Secondly, on the domestic side, we believe interest rates will head south sooner rather than later. Core inflation has moderated materially to sub 5% levels as demand pressures in the economy have ebbed on the back of sharp fall in GDP growth. Further, outlook on inflation in primary articles has improved considerably in the past couple of months as the overall monsoon rainfall (though below normal) has been much better than what was feared earlier. Moreover, international agri commodity prices have cooled down considerably. The only component that is expected to push up headline inflation in the coming months is fuel. Full impact of the diesel price hike will be visible in the next months inflation numbers. Electricity price hikes by many state electricity boards will also begin to reflect in the overall inflation data. But in our view, the RBI should not be too perturbed about the imminent spike in fuel prices as these are more one-time factors. In fact, fuel price hike should be looked favourably by the RBI as it will help the government contain its widening fiscal gap (one of the long-pending demands of RBI). Further, the slowing GDP growth should get more attention, going forward, as compared to price stability. As a result, we see the RBI resuming the rate-cut cycle soon.
Thirdly, on the stock valuations front, the Indian market still trade below historic averages. India trades at a PE multiple of 14.9x FY13 estimates and 13.3x FY14 estimates, below long-term average of 15.4x one-year forward. Indian markets are quite under-owned in the sense that most investors have preferred being invested in fixed deposits and gold over the past couple of years. Having said that, investors are gradually starting to return to the stock market although a vast majority are still sitting on the sidelines. For new investors looking to get into equities, mutual fund SIPs are a recommended route, while those with prior investing experience would do well looking for stock specific opportunities in the rate-sensitive space.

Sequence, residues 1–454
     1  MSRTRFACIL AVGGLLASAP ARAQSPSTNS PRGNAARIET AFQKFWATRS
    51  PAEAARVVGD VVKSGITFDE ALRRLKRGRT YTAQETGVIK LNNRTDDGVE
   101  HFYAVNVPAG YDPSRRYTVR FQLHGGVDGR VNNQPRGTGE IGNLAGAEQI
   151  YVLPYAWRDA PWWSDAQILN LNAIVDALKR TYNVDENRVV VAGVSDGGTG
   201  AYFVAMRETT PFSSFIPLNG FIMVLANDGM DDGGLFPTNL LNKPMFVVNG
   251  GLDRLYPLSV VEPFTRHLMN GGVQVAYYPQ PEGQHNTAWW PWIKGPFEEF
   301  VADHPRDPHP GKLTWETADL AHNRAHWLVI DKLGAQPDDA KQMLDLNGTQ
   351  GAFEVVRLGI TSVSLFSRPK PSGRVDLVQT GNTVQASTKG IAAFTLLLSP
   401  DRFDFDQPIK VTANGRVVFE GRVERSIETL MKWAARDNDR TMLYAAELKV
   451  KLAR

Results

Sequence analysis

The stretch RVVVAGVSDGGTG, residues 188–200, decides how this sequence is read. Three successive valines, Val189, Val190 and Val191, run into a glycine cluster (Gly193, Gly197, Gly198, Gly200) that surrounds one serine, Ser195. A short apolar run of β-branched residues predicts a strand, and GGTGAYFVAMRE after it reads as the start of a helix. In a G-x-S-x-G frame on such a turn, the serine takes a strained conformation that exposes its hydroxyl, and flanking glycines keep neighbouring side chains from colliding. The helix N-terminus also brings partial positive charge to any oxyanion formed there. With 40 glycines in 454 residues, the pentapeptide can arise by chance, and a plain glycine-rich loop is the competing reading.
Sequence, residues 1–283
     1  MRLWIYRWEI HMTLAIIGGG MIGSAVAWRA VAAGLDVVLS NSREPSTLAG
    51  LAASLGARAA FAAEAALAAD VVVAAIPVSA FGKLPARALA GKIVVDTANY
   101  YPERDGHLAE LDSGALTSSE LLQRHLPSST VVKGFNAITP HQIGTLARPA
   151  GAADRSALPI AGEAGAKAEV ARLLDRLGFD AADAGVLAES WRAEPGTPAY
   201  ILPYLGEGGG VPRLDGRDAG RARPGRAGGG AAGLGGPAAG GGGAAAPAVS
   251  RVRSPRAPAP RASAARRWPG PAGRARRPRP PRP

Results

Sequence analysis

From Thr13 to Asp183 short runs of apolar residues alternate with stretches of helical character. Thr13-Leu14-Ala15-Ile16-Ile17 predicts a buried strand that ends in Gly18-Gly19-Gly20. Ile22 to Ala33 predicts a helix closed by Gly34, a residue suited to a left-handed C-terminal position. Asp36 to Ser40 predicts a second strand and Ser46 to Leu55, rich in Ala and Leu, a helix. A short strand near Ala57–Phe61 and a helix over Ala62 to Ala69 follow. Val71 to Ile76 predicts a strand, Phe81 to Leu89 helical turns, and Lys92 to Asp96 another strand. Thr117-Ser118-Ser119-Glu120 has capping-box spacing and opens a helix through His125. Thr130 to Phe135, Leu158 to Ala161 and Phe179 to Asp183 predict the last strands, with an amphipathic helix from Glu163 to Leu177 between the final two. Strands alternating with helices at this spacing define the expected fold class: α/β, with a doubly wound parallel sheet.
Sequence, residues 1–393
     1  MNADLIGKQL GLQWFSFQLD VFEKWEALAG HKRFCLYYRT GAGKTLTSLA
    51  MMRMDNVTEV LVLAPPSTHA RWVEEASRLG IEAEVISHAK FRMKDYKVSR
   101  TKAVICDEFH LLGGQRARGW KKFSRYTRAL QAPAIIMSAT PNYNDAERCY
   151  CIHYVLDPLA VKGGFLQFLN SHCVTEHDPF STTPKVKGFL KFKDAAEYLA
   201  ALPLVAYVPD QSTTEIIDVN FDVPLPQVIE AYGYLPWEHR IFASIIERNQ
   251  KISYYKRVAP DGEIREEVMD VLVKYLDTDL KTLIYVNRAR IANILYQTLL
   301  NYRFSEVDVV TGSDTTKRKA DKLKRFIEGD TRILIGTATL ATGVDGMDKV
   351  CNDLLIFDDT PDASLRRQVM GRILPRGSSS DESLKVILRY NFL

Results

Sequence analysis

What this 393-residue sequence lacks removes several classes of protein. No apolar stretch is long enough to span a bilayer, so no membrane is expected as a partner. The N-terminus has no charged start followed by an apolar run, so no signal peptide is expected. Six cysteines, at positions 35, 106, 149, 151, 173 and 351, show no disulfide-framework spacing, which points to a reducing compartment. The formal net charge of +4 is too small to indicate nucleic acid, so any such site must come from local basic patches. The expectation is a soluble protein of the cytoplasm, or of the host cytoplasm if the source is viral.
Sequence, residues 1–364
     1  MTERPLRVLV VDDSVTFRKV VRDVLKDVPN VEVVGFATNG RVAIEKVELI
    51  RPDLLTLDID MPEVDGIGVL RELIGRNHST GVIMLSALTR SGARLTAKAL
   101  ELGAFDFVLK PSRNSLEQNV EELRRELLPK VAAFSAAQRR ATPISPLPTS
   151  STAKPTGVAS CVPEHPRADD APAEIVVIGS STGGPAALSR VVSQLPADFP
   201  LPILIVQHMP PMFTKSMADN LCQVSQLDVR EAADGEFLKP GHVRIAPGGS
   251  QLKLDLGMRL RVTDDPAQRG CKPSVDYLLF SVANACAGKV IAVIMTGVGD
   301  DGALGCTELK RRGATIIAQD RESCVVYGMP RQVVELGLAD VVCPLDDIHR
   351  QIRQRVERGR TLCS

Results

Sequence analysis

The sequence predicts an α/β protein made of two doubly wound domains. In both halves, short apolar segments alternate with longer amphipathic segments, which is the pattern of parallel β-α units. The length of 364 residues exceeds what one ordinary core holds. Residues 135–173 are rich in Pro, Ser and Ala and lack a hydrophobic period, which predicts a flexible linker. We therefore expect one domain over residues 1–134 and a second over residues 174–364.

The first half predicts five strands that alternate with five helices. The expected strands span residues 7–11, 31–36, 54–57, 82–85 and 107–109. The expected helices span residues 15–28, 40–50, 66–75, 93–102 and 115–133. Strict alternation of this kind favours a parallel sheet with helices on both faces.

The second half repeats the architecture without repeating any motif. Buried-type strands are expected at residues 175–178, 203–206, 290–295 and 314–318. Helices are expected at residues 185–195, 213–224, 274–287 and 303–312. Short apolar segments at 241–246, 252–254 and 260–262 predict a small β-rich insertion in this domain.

On the fixed income front, we see good times ahead for investments in bonds given expected dovish monetary stance by the RBI. Investors with a 12 - 15 months view can invest in Gilt Funds with duration of sixseven years. At the same time, investors with a 12-24 months view can invest in high rated (AA/ AAA), highly liquid bonds, with maturities in 2018-2020. Long-term bonds have an attractive proposition currently, (i) High Coupon of long term bonds (ii) Yields of long term papers are trading in the top quartile compared to their historical prices (iii) Correction in yields may provide capital gains (4% to 6%) over and above the coupon rate.
Thus, attractive investment opportunities exist in both the equity and fixed income space. In our view, it makes sense to be invested in the upper end of your equity allocation range. For example, if you are a conservative investor, 15% of your assets should be in equities. Similarly for moderate and aggressive investors, allocation to equities should be 35% and 63%, respectively.
Key risks to our view include delay in rate-cut cycle, inability of the government to push through important fiscal curbs, and those emanating from the globe, such as the fiscal cliff in the US and the still unresolved European debt crisis.
The writer is headCapital Markets (Individual Clients), Edelweiss Securities Limited